In the Media

Ipswich set for domestic violence court

PUBLISHED July 6, 2006

VICTIMS of domestic violence in Suffolk could soon benefit from a specialist court with expert magistrates and improved provision for victims, The Evening Star can reveal today.

Members of the county's domestic violence and abuse forums are currently working on a bid to bring one of an additional 100 specialised courts to the county.

News of the potential specialised court comes as Suffolk's Crown Prosecution Service (CPS) announces the county's domestic violence conviction rates.

The figures reveal that Suffolk had a conviction rate ten per cent above the national average between October and December last year with 69.3pc of cases resulting in conviction compared with 59pc in the country as a whole.

This figure has now increased further, with a 79.5pc conviction rate between January and March this year.

The new plans for the court would mean South East Suffolk Magistrates' Court, in Ipswich, would sit specifically for domestic violence cases on certain days and victims would have special provisions to keep them in separate areas from their partner.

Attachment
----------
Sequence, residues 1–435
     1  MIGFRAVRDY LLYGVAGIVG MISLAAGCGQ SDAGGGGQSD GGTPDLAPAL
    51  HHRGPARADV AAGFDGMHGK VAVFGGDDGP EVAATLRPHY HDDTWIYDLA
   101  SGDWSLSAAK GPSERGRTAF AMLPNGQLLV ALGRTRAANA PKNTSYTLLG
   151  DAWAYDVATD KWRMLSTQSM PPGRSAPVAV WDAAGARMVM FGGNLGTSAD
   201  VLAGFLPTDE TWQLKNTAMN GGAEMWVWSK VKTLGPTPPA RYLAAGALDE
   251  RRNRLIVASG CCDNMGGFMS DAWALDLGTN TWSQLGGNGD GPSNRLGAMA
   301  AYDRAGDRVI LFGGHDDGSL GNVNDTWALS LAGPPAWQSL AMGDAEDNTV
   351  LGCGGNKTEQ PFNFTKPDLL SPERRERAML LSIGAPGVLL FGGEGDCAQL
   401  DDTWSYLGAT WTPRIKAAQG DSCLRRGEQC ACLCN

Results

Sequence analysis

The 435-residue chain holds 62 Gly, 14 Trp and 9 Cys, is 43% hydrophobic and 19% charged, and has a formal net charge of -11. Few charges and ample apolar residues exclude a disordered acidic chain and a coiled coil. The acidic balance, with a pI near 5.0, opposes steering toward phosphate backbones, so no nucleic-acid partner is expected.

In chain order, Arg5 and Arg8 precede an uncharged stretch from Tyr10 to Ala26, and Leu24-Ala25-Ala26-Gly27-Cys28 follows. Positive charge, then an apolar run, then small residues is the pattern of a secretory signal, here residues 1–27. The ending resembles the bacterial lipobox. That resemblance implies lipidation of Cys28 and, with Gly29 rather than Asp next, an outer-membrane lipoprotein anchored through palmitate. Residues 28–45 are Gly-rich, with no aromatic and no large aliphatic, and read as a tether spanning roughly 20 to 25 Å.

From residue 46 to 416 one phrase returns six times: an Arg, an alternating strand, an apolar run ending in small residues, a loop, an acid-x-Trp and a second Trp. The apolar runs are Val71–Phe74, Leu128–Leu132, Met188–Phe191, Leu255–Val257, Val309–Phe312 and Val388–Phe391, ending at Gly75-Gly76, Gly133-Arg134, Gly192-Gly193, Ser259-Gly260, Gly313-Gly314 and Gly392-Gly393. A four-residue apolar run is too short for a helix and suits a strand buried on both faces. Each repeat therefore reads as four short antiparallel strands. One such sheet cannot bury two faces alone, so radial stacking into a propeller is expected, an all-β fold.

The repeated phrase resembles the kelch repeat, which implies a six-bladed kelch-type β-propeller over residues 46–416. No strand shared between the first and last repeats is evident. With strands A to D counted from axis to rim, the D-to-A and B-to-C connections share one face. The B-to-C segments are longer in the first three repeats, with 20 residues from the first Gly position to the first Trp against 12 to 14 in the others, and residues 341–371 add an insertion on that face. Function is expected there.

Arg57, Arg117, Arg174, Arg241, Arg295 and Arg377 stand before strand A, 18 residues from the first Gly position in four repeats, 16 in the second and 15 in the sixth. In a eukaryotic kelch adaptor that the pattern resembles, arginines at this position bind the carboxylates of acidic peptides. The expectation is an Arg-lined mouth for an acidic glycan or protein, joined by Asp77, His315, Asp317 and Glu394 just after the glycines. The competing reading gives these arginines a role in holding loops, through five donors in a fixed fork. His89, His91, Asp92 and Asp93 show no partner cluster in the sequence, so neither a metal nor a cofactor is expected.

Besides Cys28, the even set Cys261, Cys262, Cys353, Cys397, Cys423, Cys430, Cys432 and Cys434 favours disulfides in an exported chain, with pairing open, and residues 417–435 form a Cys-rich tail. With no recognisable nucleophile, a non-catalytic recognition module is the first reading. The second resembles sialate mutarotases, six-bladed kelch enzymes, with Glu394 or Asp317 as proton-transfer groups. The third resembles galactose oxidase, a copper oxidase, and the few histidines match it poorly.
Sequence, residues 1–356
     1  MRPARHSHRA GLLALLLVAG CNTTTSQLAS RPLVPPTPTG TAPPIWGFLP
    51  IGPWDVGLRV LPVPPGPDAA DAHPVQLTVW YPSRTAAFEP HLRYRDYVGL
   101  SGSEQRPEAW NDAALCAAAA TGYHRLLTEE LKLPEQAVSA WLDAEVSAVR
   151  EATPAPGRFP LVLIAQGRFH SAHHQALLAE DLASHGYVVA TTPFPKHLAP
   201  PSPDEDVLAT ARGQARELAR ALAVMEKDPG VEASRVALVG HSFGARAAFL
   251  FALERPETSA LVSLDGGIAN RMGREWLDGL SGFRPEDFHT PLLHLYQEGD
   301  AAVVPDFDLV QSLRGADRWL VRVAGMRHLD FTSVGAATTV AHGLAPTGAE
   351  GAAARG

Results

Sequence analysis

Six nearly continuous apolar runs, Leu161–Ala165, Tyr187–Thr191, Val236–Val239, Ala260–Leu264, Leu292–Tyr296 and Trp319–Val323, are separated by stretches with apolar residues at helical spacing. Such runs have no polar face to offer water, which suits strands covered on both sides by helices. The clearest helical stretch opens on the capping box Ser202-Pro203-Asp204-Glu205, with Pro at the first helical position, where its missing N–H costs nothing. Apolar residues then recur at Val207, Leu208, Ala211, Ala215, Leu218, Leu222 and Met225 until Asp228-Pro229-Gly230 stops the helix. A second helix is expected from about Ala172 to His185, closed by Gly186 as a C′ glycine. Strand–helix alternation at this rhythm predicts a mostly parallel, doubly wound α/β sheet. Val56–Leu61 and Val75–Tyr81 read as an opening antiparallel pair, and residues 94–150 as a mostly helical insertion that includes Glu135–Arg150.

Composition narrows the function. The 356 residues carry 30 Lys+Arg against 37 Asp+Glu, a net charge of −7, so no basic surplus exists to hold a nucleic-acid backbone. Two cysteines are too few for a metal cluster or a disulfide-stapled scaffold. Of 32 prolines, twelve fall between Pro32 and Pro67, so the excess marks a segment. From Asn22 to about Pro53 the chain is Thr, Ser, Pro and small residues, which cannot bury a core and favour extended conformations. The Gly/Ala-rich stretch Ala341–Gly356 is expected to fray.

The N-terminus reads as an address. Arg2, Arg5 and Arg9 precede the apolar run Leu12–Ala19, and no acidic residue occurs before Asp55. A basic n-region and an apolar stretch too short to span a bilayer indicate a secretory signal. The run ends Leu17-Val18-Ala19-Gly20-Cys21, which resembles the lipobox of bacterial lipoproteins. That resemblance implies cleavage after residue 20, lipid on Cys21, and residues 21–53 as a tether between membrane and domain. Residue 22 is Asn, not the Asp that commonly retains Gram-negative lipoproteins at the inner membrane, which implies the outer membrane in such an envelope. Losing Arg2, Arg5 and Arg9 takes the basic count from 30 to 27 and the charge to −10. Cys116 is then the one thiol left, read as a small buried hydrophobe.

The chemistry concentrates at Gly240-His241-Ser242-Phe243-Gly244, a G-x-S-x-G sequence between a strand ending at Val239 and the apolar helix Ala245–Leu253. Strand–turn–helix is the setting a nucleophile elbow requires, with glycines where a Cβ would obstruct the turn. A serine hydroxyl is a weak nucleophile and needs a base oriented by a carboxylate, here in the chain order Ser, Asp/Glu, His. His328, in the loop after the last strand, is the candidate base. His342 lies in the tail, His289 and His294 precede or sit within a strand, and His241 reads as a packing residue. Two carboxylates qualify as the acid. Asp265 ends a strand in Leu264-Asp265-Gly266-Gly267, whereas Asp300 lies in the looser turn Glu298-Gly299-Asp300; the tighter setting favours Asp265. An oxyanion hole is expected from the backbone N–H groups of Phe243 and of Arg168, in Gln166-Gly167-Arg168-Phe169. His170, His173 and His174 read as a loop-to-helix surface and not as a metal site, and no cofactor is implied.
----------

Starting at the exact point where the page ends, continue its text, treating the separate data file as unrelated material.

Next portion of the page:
Similar courts have been piloted across the country and have helped increase victims' confidence in the criminal justice system.

Hilary Cadman, director of Women's Aid in Ipswich, said the court could be a major step forward in increasing conviction rates.

She said: ?We are trying to convince the Government that this would be a really good place to run the next court because it will mean we can have specialist magistrates dealing with an issue that they will have a better understanding about.

?Ipswich has a very positive approach to domestic violence. The CPS sit on our county forum and liaise with us.?

Mike Crimp, CPS Suffolk's specialist in domestic violence, said: ?Although there is still much to do to ensure that this progress continues, today's figures are the result of working together with other criminal justice agencies to spread good practice, improve training and increase knowledge and awareness of domestic violence issues.

?Through ongoing consultation with voluntary organisations who work on behalf of domestic violence victims we are also making sure our policies and training take into consideration the views and concerns of victims.?